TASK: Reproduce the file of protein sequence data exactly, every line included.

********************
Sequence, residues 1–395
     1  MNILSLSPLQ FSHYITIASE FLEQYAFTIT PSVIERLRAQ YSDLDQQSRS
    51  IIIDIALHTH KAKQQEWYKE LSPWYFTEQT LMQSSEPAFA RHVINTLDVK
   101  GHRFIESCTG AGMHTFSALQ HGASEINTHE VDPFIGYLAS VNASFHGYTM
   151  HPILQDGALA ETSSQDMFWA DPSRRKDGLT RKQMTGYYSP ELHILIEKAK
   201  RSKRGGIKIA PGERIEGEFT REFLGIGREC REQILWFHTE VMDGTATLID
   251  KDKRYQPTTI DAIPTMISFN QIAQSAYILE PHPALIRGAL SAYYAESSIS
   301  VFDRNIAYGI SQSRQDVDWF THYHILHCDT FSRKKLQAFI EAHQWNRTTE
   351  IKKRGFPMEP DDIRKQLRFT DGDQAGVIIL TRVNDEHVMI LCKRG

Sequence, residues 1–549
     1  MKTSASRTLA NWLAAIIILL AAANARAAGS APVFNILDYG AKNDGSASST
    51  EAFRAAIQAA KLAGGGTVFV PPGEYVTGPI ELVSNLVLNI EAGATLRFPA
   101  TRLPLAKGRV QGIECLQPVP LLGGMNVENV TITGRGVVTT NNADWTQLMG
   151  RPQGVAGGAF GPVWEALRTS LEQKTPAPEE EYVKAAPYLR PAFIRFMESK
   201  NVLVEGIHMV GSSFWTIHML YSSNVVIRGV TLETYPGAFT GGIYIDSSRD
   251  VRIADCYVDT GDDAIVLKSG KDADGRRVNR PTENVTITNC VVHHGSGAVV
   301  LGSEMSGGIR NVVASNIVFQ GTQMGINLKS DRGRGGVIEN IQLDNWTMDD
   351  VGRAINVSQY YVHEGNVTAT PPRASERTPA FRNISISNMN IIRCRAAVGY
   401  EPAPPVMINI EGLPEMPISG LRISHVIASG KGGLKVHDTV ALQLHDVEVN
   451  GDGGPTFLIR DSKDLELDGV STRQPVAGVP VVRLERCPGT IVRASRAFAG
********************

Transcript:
Sequence, residues 1–395
     1  MNILSLSPLQ FSHYITIASE FLEQYAFTIT PSVIERLRAQ YSDLDQQSRS
    51  IIIDIALHTH KAKQQEWYKE LSPWYFTEQT LMQSSEPAFA RHVINTLDVK
   101  GHRFIESCTG AGMHTFSALQ HGASEINTHE VDPFIGYLAS VNASFHGYTM
   151  HPILQDGALA ETSSQDMFWA DPSRRKDGLT RKQMTGYYSP ELHILIEKAK
   201  RSKRGGIKIA PGERIEGEFT REFLGIGREC REQILWFHTE VMDGTATLID
   251  KDKRYQPTTI DAIPTMISFN QIAQSAYILE PHPALIRGAL SAYYAESSIS
   301  VFDRNIAYGI SQSRQDVDWF THYHILHCDT FSRKKLQAFI EAHQWNRTTE
   351  IKKRGFPMEP DDIRKQLRFT DGDQAGVIIL TRVNDEHVMI LCKRG

Sequence, residues 1–549
     1  MKTSASRTLA NWLAAIIILL AAANARAAGS APVFNILDYG AKNDGSASST
    51  EAFRAAIQAA KLAGGGTVFV PPGEYVTGPI ELVSNLVLNI EAGATLRFPA
   101  TRLPLAKGRV QGIECLQPVP LLGGMNVENV TITGRGVVTT NNADWTQLMG
   151  RPQGVAGGAF GPVWEALRTS LEQKTPAPEE EYVKAAPYLR PAFIRFMESK
   201  NVLVEGIHMV GSSFWTIHML YSSNVVIRGV TLETYPGAFT GGIYIDSSRD
   251  VRIADCYVDT GDDAIVLKSG KDADGRRVNR PTENVTITNC VVHHGSGAVV
   301  LGSEMSGGIR NVVASNIVFQ GTQMGINLKS DRGRGGVIEN IQLDNWTMDD
   351  VGRAINVSQY YVHEGNVTAT PPRASERTPA FRNISISNMN IIRCRAAVGY
   401  EPAPPVMINI EGLPEMPISG LRISHVIASG KGGLKVHDTV ALQLHDVEVN
   451  GDGGPTFLIR DSKDLELDGV STRQPVAGVP VVRLERCPGT IVRASRAFAG